The triple-therapy regimen will now be tested nationally in a phase II trial as first-line therapy for advanced non-small cell lung cancer. Angela Davies, assistant professor of hematology/oncology and principal investigator of the phase I trial, will lead the phase II trial as well.
The regimen consists of bortezomib, gemcitabine and carboplatin. Gemcitabine and carboplatin represent an accepted first-line treatment combination for advanced non-small cell lung cancer.
In the small phase I trial, the three drugs were administered on a similar schedule. Out of 12 patients, four had a partial response and seven had stable disease.
In the larger phase II trial, which will enroll 99 patients, the drugs will be given sequentially, with bortezomib following the chemotherapy drugs. Preclinical research at UC Davis Cancer Center suggests that giving bortezomib last may be more effective than giving it first or at the same time.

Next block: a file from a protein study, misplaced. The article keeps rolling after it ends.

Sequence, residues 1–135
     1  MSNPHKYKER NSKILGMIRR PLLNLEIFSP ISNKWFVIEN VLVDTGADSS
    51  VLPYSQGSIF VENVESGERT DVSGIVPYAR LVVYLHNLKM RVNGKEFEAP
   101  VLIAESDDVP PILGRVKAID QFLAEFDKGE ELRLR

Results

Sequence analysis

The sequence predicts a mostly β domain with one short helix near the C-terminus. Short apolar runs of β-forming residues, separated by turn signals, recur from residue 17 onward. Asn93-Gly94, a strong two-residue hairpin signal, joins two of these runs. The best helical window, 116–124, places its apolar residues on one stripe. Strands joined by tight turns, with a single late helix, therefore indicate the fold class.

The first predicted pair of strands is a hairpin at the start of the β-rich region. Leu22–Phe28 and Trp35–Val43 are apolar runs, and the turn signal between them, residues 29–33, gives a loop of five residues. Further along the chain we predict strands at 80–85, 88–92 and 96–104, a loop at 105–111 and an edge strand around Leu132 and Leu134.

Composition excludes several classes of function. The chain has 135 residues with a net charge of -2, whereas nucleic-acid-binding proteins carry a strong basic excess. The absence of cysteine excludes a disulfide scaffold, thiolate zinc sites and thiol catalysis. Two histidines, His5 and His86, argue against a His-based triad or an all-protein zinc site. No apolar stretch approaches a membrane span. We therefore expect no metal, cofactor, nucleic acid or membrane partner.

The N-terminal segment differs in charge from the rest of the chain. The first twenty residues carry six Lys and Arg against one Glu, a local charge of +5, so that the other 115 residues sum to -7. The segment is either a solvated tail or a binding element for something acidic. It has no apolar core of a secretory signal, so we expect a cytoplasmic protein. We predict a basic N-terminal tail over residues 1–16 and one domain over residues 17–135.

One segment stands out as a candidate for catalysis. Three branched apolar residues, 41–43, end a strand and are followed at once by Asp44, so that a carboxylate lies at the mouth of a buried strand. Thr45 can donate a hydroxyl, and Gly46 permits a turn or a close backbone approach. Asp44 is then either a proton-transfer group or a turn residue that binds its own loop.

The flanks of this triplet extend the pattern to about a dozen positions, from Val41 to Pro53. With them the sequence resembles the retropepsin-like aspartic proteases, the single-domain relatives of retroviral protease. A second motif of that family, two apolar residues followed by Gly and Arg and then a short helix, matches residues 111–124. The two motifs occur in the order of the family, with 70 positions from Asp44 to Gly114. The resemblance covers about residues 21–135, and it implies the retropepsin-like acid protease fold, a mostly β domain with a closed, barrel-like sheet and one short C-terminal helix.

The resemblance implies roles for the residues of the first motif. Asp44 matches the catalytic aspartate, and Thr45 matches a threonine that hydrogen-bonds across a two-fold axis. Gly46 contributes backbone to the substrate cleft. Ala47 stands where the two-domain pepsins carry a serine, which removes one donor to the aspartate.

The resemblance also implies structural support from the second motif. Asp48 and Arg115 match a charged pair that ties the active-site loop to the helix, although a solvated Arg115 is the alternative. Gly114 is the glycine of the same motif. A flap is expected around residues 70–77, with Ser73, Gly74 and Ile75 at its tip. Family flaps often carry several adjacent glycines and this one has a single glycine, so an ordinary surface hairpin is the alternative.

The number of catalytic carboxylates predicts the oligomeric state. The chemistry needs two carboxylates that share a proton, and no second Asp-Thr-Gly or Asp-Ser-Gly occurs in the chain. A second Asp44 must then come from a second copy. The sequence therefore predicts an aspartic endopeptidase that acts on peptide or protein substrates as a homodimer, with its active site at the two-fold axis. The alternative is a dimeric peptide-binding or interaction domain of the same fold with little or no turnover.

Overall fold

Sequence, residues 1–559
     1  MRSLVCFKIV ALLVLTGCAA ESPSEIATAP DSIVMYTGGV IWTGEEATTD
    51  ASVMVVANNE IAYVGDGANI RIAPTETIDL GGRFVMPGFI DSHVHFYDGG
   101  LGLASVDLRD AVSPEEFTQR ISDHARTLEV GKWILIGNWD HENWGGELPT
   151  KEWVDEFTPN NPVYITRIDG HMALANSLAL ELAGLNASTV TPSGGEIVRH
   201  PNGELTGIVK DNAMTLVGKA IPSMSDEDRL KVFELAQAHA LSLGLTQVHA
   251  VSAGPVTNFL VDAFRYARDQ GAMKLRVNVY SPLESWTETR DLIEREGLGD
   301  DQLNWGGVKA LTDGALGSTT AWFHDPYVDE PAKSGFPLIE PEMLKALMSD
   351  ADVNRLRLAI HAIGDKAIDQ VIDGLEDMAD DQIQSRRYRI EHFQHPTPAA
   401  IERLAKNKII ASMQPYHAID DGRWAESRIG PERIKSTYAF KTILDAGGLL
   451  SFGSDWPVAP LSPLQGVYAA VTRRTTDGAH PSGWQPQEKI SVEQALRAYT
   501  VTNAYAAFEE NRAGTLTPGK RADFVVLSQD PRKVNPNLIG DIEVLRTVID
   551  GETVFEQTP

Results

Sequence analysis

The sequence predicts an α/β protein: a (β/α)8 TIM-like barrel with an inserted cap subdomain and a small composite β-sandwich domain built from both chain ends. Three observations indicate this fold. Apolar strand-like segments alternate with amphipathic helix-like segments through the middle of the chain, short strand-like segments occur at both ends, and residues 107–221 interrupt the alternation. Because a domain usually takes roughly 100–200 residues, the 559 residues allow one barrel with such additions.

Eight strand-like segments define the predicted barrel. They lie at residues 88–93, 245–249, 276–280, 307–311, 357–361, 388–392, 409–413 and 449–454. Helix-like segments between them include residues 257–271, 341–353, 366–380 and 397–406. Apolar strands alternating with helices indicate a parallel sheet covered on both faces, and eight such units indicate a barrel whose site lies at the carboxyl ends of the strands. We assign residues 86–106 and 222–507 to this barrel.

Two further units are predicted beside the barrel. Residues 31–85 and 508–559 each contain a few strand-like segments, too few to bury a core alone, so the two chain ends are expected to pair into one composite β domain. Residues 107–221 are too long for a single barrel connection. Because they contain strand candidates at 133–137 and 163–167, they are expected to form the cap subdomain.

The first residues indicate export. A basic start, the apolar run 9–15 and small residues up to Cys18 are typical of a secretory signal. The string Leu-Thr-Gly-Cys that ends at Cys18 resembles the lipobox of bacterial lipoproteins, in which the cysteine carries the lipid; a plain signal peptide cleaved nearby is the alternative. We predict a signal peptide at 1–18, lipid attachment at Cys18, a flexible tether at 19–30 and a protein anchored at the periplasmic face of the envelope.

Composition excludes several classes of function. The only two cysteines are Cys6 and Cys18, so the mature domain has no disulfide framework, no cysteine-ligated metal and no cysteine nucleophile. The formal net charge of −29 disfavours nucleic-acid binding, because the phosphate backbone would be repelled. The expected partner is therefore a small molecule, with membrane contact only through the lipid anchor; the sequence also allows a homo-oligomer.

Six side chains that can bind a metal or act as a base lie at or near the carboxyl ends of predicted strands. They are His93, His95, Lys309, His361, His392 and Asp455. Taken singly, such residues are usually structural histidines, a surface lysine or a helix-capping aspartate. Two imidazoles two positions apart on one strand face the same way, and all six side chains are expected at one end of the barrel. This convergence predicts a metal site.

Bortezomib is a proteasome inhibitor that blocks the signals cancer cells rely on to degrade cellular proteins. The result is a buildup of proteins that hastens cell death.
Bortezomib has been approved by the Food and Drug Administration for the treatment of multiple myeloma, but had not been tested before in non-small cell lung cancer.
"Bortezomib is an exciting therapeutic, and we're encouraged that we've been able to take this promising three-drug combination immediately from phase I to phase II," Davies said.
Of the estimated 175,000 new cases of lung cancer diagnosed in the United States each year, nearly 80 percent are n
Contact: Claudia Morain
University of California, Davis - Health System